The U.S. government inherited the doctrine of sovereign immunity from England where the king or sovereign was immune from liability. Under the sovereign immunity doctrine, the U.S. government and its employees are immune from suit by virtue of their status as a government entity. The policy behind this immunity is to allow legislators and other government entities to govern without interference from lawsuits.
Even though Federal and state governments may not be sued under this doctrine, there are some exceptions to the rule. Generally, if the government action involves some type of negligence, then the government immunity no longer applies, such as when a person slips and falls on the sidewalk maintained by the state where the dangerous condition of the sidewalk was known and the state did nothing to correct it. Another example would be when a state employee is involved in a motor vehicle accident while on duty. However, a plaintiff who wishes to pursue a negligence claim against the government has to provide strict notice and undergo other procedural hurdles.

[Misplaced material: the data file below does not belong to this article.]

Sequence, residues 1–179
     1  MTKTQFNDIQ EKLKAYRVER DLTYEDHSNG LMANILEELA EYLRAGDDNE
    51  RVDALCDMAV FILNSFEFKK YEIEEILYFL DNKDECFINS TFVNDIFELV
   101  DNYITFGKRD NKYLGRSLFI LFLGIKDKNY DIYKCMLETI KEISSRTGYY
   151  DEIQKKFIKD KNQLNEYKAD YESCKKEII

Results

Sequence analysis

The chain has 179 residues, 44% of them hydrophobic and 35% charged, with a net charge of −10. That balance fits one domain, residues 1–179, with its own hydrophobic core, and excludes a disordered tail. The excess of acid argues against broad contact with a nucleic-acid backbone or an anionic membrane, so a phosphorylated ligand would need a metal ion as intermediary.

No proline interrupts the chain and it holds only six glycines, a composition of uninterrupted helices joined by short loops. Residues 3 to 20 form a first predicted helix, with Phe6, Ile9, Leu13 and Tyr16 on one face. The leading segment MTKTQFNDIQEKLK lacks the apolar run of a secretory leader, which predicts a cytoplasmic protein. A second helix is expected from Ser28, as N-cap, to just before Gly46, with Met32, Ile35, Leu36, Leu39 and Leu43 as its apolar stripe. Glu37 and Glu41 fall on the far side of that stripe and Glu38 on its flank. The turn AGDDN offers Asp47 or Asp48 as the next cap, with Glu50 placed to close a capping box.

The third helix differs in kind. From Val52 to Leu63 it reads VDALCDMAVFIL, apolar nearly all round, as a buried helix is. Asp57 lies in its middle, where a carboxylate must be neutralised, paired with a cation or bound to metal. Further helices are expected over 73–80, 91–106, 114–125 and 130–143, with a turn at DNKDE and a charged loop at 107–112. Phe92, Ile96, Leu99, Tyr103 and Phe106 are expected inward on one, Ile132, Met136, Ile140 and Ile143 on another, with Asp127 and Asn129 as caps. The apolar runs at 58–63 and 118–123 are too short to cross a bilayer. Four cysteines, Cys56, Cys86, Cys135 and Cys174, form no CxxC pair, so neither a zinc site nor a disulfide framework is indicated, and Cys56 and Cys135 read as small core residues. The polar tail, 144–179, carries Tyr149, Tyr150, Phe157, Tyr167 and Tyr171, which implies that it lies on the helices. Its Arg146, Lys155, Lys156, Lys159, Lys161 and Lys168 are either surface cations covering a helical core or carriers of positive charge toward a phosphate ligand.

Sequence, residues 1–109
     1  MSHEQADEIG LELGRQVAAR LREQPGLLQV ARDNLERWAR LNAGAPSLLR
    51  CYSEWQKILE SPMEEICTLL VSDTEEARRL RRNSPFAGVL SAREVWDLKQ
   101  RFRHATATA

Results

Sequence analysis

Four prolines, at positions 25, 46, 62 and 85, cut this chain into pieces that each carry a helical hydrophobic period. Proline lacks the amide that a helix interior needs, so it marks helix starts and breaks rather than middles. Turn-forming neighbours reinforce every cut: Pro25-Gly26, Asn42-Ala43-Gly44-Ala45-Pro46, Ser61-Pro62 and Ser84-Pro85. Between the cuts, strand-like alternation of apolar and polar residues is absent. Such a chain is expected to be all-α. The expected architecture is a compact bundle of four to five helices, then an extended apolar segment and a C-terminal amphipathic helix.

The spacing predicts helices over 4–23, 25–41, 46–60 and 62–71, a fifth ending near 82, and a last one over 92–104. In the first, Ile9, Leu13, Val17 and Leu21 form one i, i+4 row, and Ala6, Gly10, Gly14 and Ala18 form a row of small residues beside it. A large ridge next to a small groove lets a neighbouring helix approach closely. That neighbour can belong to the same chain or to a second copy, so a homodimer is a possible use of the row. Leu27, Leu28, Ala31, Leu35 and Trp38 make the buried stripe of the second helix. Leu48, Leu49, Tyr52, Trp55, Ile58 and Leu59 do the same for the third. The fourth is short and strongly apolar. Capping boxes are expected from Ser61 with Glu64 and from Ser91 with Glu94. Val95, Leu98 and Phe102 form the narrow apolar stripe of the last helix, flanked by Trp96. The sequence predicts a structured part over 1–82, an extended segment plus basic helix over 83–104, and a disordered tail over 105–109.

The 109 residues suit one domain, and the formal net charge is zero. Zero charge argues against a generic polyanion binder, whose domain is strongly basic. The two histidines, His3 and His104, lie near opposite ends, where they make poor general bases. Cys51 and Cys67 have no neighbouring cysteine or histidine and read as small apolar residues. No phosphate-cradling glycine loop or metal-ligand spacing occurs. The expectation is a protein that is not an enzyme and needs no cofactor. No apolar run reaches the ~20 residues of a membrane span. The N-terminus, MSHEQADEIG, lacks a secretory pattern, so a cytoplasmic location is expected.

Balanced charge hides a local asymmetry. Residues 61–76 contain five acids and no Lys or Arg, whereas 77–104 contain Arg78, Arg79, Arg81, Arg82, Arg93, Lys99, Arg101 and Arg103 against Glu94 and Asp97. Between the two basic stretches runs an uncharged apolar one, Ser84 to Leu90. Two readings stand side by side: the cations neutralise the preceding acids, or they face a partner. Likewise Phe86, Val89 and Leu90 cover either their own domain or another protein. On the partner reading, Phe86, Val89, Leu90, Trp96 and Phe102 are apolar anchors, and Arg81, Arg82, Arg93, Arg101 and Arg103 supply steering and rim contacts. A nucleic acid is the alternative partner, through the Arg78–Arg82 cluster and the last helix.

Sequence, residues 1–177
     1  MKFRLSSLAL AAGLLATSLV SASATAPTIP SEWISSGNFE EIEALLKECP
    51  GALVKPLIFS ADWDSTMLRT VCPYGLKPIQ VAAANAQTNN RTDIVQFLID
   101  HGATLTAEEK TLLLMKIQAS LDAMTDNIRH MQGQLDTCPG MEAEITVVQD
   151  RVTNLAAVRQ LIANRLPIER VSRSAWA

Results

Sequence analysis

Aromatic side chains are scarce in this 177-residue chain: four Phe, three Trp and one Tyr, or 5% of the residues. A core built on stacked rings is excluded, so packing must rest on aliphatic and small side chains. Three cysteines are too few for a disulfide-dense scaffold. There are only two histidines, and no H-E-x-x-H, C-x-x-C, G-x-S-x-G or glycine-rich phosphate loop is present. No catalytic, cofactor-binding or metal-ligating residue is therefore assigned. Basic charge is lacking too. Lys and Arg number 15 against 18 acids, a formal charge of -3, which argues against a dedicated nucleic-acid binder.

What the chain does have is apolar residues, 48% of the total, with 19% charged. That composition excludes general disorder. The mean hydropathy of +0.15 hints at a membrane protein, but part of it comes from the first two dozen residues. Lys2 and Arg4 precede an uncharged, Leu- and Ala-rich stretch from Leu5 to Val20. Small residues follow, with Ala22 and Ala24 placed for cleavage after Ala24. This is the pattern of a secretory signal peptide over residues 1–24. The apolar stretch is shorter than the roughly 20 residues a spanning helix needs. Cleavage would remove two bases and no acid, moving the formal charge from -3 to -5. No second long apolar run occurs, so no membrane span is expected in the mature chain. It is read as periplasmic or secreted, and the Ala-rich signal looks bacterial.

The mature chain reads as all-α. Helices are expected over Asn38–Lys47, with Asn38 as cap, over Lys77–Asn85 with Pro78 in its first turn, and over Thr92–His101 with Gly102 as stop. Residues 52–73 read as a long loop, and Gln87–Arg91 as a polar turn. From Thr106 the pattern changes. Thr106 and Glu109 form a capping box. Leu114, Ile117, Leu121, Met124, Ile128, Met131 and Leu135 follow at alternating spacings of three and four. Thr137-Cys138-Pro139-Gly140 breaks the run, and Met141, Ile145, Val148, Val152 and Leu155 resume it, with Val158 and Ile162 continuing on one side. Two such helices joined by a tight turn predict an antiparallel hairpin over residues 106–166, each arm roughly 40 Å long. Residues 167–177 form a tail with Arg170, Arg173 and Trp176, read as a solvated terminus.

Pennsylvania’s Sovereign Immunity Act (Act) waives Pennsylvania’s sovereign immunity in certain limited cases. The Act provides a list of specific instances where the state has waived its immunity. Government entities risk exposure to lawsuits in the following instances.
Plaintiffs who have a claim against a government entity must provide notice to the agency within six months of the occurrence of the incident. Failure to send the appropriate notice with all the necessary information may result in dismissal of the lawsuit. Furthermore, recovery for damages is limited to $250,000 in favor of a Plaintiff and $1,000,000 total recovery is permitted.
Attorneys at MacMain Leinhauser have obtained numerous dismissals and defense verdicts on behalf of government agencies. Contact our office at 484-318-7106 or online to schedule a consultation. Located in West Chester, Pennsylvania, we represent clients throughout Pennsylvania, including Philadelphia and Chester County.